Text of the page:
What’s Missing in Your Fish Oil? Essential Fats for Brain Health and ADHD

omega 3 and adhd
The worldwide prevalence of ADHD is 5.3% (1) and ADHD is the most reported psychiatric disorder in children (2). Roughly 60% of those children are medicated (3% of the 5.3%) (3).

While many are aware of the benefits of omega 3’s in fish oil – specifically, EPA and DHA, few still receive adequate intake of at least 1 serving of fresh, fatty fish per week. Those who do supplement may also be missing out on the ratio of healthy omega-6 fats too.

In an attempt to avoid inflammatory omega-6 oils, the omega-6 fat GLA found naturally in evening primrose oil or borage oil is often forgotten.

Interestingly, consumption of these oils in a healthy ratio has been shown to be helpful for ADHD symptoms in children – and otherwise supports healthy essential fatty acid levels important for brain and whole body health.

Choosing Support Options

Pharmaceutical management of ADHD has its drawbacks such as adverse events and parents’ opinions on medication for their child (4; 5; 6).

Stimulants like amphetamines [such as the brand name Adderall] and methylphenidate [known most widely by the brand name Ritalin] are the most frequently used medications (7).

Dietary options have focused on restrictions such as food colorings or sugar (8). Others have looked at the removal of gluten, dairy, and other potentially allergenic and sensitive foods to varying benefits (9). Mixed results often leave parents (and adults with ADHD) seeking additional options.

One missing link may come back to essential dietary fats – specifically healthy omega-6 and omega-3 oils from diet and supplements (10). The body cannot make these fats on its own and requires outside intake to support its needs.

Various circumstances including genetics can make it more difficult to convert essential fats into the compounds our bodies use to quell inflammation and support proper cellular health and function.

A Closer Look at Dietary Fats

One conversation that comes up over and over again is the influence of an inflammatory diet high in omega-6 oils and low in omega-3 oils. Few take the extra step to explain what this means for your day-to-day diet.

Excess omega-6 fats predominantly come from the use of unstable oils including soybean, canola, safflower, sunflower, corn, cottonseed, and other oils. Omega-3 deficiency comes from a low conversion of plant fats into DHA and EPA or from too little intake of fatty, wild-caught fish such as salmon.

One of the best ways to improve your ratios outside of supplementation is to remove sources of unstable oils in your diet – typically used in processed foods and restaurant cooking. Instead, use stable oils such as coconut, lard, duck fat, tallow, olive, or avocado oils.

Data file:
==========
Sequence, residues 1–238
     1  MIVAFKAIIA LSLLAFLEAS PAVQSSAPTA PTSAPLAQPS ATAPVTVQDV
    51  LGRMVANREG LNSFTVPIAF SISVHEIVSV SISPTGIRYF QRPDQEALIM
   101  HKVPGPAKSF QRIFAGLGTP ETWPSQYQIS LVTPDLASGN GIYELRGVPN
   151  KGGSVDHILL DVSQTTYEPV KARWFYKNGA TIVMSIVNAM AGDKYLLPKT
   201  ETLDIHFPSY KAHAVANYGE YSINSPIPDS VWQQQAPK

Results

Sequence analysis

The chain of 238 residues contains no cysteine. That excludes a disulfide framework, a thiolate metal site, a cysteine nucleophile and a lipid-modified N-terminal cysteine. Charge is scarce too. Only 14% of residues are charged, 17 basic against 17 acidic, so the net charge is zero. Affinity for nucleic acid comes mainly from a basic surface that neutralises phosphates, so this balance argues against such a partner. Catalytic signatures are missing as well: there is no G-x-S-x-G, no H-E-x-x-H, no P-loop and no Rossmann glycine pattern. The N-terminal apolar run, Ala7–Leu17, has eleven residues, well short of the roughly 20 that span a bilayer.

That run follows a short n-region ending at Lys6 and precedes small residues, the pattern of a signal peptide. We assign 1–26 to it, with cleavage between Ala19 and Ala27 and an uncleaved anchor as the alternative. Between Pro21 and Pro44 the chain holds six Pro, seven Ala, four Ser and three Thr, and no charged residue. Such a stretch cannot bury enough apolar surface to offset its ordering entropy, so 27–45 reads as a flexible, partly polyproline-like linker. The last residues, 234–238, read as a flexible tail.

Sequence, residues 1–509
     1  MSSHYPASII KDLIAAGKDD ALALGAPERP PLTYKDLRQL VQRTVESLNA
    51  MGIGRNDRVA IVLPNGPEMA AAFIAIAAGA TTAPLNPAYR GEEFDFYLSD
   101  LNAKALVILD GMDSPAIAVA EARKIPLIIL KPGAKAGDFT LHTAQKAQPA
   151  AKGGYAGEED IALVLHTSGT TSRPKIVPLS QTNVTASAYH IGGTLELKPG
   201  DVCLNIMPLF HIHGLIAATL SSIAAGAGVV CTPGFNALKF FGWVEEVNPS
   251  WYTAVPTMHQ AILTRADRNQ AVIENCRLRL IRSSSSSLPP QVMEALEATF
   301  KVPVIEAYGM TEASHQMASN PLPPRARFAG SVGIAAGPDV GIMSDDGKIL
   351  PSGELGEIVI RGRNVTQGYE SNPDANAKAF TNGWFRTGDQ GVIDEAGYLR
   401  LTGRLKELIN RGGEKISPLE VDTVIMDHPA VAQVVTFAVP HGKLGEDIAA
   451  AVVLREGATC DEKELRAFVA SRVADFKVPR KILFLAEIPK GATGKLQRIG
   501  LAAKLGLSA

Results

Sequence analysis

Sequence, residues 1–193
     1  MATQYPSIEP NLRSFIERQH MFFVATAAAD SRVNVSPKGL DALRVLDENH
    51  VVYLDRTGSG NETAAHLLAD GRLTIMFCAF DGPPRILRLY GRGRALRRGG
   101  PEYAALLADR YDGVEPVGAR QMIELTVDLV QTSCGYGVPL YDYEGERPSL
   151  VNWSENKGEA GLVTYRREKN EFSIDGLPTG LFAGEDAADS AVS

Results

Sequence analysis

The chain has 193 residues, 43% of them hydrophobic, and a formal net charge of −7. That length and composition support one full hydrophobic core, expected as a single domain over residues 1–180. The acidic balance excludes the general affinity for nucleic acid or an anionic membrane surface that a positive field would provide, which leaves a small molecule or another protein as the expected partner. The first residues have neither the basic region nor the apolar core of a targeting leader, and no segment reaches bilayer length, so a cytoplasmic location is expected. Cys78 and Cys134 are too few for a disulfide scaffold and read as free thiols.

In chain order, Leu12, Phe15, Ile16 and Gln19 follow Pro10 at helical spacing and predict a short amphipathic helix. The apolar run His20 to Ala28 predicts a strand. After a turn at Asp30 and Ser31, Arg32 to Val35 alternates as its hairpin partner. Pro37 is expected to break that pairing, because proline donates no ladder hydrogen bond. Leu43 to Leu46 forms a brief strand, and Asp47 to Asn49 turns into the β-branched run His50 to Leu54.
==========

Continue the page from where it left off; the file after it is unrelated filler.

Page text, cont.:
Even when using good oils, you want to minimize extreme temperatures that leads to frying or charring. This makes the oils oxidized and primed to chip away at your cellular health. It also alters proteins, and creates potentially carcinogenic compounds like heterocyclic amines, acrylamide, and sticky advanced glycation end (AGE) products that stick to cells like the black stuff burned onto a pan.

At the worst, these chemicals damage DNA. at the very least, these chemicals and others will irritate the gut and contribute to the total toxin load on the body.

While the ideal ratio of dietary omega-6 to omega-3 fats is 1:1 or 2:1, most Americans are in the range of 20:1 or 50:1!

When this balance is off, your body is able to create much more inflammation as omega-6 fats are raw materials to inflammatory and pain-causing compounds in the body.

Fats and Brain Health

The brain is made predominantly of fat.

Because the brain is 60-70% fat, the consumption of oils in a healthy ratio helps support proper membrane and cell structure as well as insulate and protect cell communications in the brain.

When we eat dietary fats, they are broken down into free fatty acids that are physically used in our cell membranes. Sugar, in contrast, is burned or converted to other forms for body needs.

You are what you eat is very true when it comes to dietary fats – and is true for what fats incorporate the structure and function of the brain. Healthy fats are essential to brain and whole body wellness.

Fats are also precursors to anti-inflammatory compounds that work to support barrier systems in the gut and brain – and reduce oxidative insult to body tissues. Omega 3’s for instance play critical roles in the homeostasis of a healthy gut microbiome – helping to reduce inflammation – create barrier proteins and maintain a healthy pH where healthy bacteria like to grow.

I use MegaOmega by Microbiome Labs for its unique ratio that supports gut health and inflammation and have been adding evening primrose oil as a source of healthy omega-6 fats that need to be in the right ratio with omega-3’s.

For brain health, the ratios of fats may be changed slightly with the use of other products explained below.

Children with ADHD often also have high thirst, eczema, allergies, and asthma which may be supported by essential fatty acids. Boys are more likely to be affected than girls with ADHD and they have higher needs for essential fats (11).